We trade with bartering instead of money as I get ice cream from dry leave tree. Note to self, we could do this better.
3. Use clear jars for saving.
Using clear jars for saving can help your child see their progress and understand the concept of saving. Label each jar with a specific goal, such as “spending,” “saving,” and “giving,” and encourage your child to divide their money accordingly.
We have this jar given by Westpac when I set up his account when he was a few months old.
The teller told us that he was the youngest customer she ever served. His title is Master. (*chuckles).
4. Teach delayed gratification.
Teach your child that sometimes they need to wait to get what they want. For example, if your child wants a toy, encourage them to save their money over time to buy it, rather than buying it immediately.
He is into Avengers Lego currently and he wanted to buy this set that cost $62 after a discount. I told him that I will pay for this toy in advance in return if he completed his job (opening the front door) every day for 13 weeks. He waited for the delivery and commented that they were kind to send it quite early for him. He completed his job for 3 weeks now.
5. Discuss wants vs. needs.
At this age, children can begin to understand the difference between wants and needs. Explain to your child that some things, like food and shelter, are needs, while toys and treats are wants.
Currently, we are at the rate of buying new shoes at least 3-4 pairs a year not for style but for his growing feet. The other day, we went to the shoe store and upon trying many shoes, he said that he wants 2 pairs of casual shoes. I briefly mentioned to him about wanting and needing just to buy 1 pair of casual shoes because I know that we are still going to get soccer shoes and summer sandals.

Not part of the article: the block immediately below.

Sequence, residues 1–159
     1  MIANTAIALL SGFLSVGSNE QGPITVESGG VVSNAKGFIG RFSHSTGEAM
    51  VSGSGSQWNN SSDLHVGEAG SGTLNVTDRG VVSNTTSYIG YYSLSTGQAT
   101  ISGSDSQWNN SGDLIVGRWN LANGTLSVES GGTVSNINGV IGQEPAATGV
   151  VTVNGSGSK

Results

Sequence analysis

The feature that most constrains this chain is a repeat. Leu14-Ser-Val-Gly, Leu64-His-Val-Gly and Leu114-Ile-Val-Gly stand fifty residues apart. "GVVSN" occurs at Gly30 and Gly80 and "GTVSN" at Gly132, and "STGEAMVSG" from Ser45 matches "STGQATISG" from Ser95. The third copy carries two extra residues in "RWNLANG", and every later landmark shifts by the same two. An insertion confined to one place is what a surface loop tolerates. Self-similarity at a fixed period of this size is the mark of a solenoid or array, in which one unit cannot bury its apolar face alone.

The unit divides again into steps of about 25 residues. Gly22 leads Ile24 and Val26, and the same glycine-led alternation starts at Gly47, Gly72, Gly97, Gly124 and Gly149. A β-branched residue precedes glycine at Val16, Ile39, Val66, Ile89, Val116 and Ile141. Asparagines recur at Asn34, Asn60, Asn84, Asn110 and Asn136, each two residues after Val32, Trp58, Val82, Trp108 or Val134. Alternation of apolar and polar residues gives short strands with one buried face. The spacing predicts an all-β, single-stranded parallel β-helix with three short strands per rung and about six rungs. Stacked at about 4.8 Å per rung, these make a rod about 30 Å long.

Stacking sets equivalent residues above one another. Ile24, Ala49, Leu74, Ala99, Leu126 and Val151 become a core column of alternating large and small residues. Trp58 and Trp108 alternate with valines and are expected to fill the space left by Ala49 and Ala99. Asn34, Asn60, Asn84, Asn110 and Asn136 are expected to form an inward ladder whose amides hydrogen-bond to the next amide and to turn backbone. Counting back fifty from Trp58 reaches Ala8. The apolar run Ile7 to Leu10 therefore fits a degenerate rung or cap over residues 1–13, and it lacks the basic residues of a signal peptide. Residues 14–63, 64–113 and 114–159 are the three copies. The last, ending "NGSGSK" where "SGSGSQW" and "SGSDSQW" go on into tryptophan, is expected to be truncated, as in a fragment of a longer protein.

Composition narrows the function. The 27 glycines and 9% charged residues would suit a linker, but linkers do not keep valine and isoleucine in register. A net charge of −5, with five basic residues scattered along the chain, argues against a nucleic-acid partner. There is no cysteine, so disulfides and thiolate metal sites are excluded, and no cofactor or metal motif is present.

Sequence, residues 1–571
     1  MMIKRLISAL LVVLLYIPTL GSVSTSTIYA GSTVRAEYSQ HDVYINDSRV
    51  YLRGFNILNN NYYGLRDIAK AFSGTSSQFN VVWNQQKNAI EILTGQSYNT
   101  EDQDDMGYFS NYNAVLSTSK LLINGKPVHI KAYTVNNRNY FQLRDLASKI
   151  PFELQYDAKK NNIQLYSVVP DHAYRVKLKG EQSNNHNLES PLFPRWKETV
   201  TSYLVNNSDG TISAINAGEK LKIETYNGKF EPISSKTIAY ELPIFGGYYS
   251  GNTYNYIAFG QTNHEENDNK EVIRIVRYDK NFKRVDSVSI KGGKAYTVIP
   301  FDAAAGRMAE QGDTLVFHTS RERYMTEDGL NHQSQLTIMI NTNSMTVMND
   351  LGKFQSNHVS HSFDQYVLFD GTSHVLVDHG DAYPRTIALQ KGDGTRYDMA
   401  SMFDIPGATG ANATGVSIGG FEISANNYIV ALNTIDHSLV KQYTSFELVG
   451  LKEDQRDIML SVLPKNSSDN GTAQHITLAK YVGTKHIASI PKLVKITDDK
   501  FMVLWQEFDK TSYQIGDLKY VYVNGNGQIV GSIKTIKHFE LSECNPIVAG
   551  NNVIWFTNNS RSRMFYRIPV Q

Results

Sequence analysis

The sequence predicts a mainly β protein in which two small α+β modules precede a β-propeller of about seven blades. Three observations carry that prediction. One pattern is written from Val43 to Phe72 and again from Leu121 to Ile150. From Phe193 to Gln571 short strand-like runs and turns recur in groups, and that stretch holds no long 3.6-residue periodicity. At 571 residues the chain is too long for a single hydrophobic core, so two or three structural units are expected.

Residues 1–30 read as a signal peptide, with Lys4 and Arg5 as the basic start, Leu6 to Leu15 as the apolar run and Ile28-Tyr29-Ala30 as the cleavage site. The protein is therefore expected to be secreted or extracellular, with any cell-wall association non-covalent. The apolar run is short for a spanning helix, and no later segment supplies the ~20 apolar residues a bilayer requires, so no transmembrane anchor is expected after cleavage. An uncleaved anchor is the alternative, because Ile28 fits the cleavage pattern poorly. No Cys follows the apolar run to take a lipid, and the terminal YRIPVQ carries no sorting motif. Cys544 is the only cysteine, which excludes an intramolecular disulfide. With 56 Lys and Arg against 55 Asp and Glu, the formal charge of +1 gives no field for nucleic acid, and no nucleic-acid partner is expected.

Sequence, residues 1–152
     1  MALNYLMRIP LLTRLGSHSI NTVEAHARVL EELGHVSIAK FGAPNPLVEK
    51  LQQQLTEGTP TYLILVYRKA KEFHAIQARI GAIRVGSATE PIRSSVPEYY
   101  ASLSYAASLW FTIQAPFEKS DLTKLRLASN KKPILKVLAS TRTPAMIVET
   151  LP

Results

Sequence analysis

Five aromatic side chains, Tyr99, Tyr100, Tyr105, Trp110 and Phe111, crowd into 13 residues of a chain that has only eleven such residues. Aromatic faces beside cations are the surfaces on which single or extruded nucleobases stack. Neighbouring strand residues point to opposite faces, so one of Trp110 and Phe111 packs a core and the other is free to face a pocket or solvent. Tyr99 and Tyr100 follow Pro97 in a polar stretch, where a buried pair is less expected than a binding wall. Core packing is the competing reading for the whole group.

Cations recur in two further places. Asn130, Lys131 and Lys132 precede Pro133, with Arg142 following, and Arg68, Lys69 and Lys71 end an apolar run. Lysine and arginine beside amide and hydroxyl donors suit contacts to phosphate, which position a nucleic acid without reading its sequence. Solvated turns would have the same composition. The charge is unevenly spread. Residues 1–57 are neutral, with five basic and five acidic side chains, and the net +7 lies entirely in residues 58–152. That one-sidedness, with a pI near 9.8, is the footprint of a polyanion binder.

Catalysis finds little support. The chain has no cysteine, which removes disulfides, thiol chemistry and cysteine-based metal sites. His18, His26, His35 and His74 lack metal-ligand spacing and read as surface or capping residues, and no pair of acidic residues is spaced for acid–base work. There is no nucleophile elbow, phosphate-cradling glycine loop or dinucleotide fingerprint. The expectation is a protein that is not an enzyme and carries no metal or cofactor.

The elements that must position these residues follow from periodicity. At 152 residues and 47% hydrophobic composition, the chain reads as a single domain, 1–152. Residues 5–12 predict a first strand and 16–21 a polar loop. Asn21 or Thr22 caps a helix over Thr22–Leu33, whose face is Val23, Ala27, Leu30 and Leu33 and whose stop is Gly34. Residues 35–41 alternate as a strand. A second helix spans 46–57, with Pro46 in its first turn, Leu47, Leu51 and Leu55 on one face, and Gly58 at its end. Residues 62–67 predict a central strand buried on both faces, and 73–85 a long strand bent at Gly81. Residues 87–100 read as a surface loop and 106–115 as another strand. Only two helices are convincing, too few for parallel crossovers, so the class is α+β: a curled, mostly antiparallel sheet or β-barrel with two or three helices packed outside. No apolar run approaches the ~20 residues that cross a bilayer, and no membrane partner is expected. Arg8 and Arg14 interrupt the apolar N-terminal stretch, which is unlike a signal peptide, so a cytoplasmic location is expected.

6. Lead by example.
Children learn by example, so model healthy financial habits for your child. Show them how you save money and make smart financial decisions.
We have started to talk about investment lightly.
I told him that I put aside $20 every month for him so we can buy shares and grow it. He knows about the number so I told him that the $20 can become $100 then $1,000. He was super excited about it. I linked the discussion between want and need. We sell his old toys for cheap also to teach him that he can save money instead of having too many toys.
7. Encourage giving.
Teaching your child about giving back can help instil positive values and a sense of community. Encourage your child to donate a portion of their money to a charity of their choice.
I must admit that I’m struggling with this one because he doesn’t grasp the concept although I donate online to charities and give away unused stuff around the house for free. I must think of a way so he can see it with his eyes.
You can try some of the tips above but remember to keep it simple and age-appropriate for your child. You don’t need to overwhelm them with too much information at once. By introducing basic financial concepts early on, you can help your child develop a positive relationship with money that will serve them well in the future.
To plant a garden is to believe in tomorrow – Audrey Hepburn